Feb 11, 2021

The gaseous compound, hydrogen sulfide (written as H2S), is a hazardous byproduct of many biological and industrial processes including the creation of biogas. It’s usually critical to separate the H2S gas from desirable or less hazardous gasses before they can be further refined. This is not, however, a simple matter. Fortunately, modern techniques are making it easier and more economical to eliminate hydrogen sulfide from other gaseous products.


As its chemical formula suggests, H2S is composed of two hydrogen atoms and one sulfur atom. At room temperature, it manifests as a colorless gas with a characteristic “rotten-egg” odor. More critically, hydrogen sulfide is highly flammable and is toxic if inhaled. Once released into the atmosphere, it combines with oxygen to form one of the major components of acid rain. 

Hydrogen sulfide is released from natural sources such as hot springs and volcanic hotspots. It is also a byproduct of the anaerobic bacteria that break down organic matter in the absence of oxygen. This means H2S shows up in significant quantities in the guts of herbivores like cows, in landfills and wastewater treatment facilities, and even in poorly aerated swamps or peat bogs. The latter is the reason that hydrogen sulfide occurs in natural gas and crude petroleum – those products were simply buried plant life from millions of years ago.

H2S is also a byproduct of some industrial processes. For many years this undesirable gas was either released or flared off along with methane, but that practice led to the dangerous rise in acidic rain that took a concerted international regulatory effort to control. 

Even if contained, H2S poses risks to onsite workers. Though it initially smells strongly of rotten eggs, the gas can quickly overwhelm the brain’s olfactory center. Even short-term exposure to high concentrations can render a person unable to detect it without special equipment. And since H2S is heavier than air, it tends to accumulate in poorly ventilated areas. Breathing highly concentrated hydrogen sulfide can lead to quick incapacitation and permanent lung and brain damage.

As if that weren’t enough, the byproducts created by H2S combustion are corrosive. Though it is often associated with methane fuels, hydrogen sulfide will damage power generators if it is not first removed from the fuel gasses.

Nowadays, most industrial H2S is required to be scrubbed out before waste products can be safely used or released. 


Unfortunately, separating H2S from other, more useful gasses like methane is not as simple as running it through a filter. The hydrogen sulfide must chemically adhere to some other material and precipitate out of the gas mixture.

For decades, the most common extraction media has been composed of iron oxide (FeO). The raw output gas is passed through beds of FeO pellets. This gives the H2S an opportunity to bind to the media before the gas is forwarded to more delicate equipment. 

Unfortunately, this traditional process is quite inefficient, so a significant amount of removal media is required in order to extract much H2S. Additionally, iron oxide gets saturated quickly, so it must be replaced often.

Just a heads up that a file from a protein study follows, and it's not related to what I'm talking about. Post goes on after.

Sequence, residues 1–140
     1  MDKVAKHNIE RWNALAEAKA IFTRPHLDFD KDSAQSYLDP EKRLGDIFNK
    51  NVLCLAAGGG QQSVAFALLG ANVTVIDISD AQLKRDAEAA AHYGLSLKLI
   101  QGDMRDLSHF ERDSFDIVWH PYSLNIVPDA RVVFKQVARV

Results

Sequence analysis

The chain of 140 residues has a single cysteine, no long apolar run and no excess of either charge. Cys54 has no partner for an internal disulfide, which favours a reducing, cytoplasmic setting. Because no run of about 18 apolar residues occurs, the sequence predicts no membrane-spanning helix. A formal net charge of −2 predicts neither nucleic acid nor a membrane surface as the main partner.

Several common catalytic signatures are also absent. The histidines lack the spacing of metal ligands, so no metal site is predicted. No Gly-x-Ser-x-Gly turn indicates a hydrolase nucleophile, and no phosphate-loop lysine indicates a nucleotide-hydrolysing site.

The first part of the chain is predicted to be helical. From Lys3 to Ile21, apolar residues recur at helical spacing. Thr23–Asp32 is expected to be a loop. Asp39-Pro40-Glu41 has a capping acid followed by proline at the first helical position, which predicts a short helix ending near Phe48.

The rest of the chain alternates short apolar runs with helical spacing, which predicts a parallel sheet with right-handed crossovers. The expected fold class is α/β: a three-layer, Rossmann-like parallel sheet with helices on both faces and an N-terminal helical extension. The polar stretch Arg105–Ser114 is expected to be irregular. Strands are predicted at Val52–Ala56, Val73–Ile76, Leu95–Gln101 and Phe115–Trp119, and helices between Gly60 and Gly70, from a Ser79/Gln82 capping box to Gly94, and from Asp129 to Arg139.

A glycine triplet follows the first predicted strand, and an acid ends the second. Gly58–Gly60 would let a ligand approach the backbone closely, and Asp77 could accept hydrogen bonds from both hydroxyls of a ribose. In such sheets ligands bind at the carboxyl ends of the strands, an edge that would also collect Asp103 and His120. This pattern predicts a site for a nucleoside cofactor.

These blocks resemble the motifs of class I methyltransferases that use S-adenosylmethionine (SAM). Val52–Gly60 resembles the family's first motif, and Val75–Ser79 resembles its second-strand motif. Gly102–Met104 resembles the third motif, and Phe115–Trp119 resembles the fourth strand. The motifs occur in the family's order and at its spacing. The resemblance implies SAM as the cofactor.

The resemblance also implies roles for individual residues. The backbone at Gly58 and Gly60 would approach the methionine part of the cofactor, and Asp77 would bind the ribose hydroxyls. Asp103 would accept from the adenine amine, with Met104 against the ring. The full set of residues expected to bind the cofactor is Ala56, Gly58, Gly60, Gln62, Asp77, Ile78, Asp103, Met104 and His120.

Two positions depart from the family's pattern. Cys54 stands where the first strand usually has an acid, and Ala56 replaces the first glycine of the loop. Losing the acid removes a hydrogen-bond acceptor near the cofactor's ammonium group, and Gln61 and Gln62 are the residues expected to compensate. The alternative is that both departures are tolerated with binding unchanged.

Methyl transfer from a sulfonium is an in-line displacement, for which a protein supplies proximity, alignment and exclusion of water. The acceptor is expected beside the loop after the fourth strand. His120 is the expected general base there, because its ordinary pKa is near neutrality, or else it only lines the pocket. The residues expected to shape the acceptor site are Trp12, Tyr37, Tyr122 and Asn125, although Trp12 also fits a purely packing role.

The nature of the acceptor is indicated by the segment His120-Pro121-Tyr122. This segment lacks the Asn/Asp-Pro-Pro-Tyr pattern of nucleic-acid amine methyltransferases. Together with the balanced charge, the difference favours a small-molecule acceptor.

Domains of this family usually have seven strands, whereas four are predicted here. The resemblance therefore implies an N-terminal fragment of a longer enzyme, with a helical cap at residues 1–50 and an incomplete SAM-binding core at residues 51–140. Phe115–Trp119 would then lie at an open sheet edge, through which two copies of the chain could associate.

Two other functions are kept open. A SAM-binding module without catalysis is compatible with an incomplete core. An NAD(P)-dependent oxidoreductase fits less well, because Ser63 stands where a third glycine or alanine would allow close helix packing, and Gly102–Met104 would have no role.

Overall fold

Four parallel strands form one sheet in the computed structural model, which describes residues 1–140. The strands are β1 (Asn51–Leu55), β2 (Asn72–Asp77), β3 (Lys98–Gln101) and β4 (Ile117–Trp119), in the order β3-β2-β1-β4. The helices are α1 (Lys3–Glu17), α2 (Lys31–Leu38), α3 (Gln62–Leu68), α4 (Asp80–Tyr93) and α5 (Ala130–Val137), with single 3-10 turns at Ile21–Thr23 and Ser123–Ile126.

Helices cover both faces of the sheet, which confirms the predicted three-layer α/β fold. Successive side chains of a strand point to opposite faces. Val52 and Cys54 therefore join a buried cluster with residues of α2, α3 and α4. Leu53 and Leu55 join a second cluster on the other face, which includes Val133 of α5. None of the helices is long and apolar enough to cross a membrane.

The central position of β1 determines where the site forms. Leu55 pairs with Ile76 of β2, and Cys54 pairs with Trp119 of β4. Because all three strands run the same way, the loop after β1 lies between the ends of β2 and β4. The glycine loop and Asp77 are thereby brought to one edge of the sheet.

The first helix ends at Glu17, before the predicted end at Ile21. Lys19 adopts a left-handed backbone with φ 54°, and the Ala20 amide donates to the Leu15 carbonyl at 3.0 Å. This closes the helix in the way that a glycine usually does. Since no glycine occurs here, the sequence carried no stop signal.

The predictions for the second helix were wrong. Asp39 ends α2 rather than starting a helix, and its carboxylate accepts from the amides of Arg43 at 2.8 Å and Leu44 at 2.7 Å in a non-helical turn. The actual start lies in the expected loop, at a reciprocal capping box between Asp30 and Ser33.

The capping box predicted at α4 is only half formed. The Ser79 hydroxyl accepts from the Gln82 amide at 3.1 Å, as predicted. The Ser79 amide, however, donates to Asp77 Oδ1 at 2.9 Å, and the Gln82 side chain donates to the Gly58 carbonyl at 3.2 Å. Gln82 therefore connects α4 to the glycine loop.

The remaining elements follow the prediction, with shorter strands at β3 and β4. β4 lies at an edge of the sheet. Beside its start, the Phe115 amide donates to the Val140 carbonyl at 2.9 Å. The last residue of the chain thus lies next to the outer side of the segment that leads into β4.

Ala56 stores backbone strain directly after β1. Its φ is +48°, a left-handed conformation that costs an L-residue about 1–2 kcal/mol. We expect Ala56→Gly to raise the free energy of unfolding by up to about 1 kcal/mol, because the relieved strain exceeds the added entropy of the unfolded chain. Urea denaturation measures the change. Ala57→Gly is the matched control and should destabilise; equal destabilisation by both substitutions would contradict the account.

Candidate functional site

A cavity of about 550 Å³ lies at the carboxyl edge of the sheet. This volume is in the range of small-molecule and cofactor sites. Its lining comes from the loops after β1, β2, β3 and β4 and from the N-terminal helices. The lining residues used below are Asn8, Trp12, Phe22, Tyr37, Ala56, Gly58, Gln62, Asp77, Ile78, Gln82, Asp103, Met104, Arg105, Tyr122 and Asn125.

Improved H2S removal options were clearly needed. Extensive research and experimentation ultimately yielded a product called FerroSorp which improved on nearly every one of the old FeO’s performance statistics.


FerroSorp is based around iron oxide-hydroxide, or FeO(OH). In contrast to its simpler cousin, this iron hydroxide formula can absorb far more H2S per unit volume and does so at a higher rate. Even so, it does not get saturated nearly as quickly, so beds of FerroSorp can remain in place up to three times as long as traditional FeO. The FerroSorp material is also less dense, which confers a dual benefit; it is easier to transport than FeO media, and it offers more surface area onto which the hydrogen sulfide can adhere.

Following the initial capture of H2S, the loaded FerroSorp will undergo a secondary “regeneration” reaction as long as enough moisture and oxygen is present in the surrounding air. The H2O and O2 will ultimately replace the sulfur in binding with FerroSorp’s iron atoms, after which the sulfur itself is left in a powdery elemental form. The regenerated iron hydroxide can then once again bind with new hydrogen sulfide molecules, extending its useful lifetime.

As with any chemical removal media, FerroSorp does eventually become saturated to the point where it can no longer be regenerated. Fortunately, since FerroSorp converts the hydrogen sulfide into relatively harmless elemental sulfur, it is easy and inexpensive to dispose of. The FerroSorp and its byproducts are environmentally nontoxic.


FerroSorp undergoes two distinct reactions when it encounters hydrogen sulfide. First is the initial absorption reaction:

Absorption:      2 Fe(OH)3 + 3 H2S → Fe2S3 + 6 H2                                – 62 kJ/mol

Note that the above equation assumes the FerroSorp’s active iron hydroxide has already encountered enough moisture to convert it into Fe(OH)3. Three moles of water vapor are required per mole of iron hydroxide in order to prep it. Without this moisture, the FerroSorp will still absorb H2S, but at a far less efficient rate.

Following the absorption phase, the loaded FerroSorp will typically undergo a secondary regeneration reaction:

Regeneration:  Fe2S3 + 1½ O2 + 3 H2O → 2 Fe(OH)3 + 3 S                         – 603 kJ/mol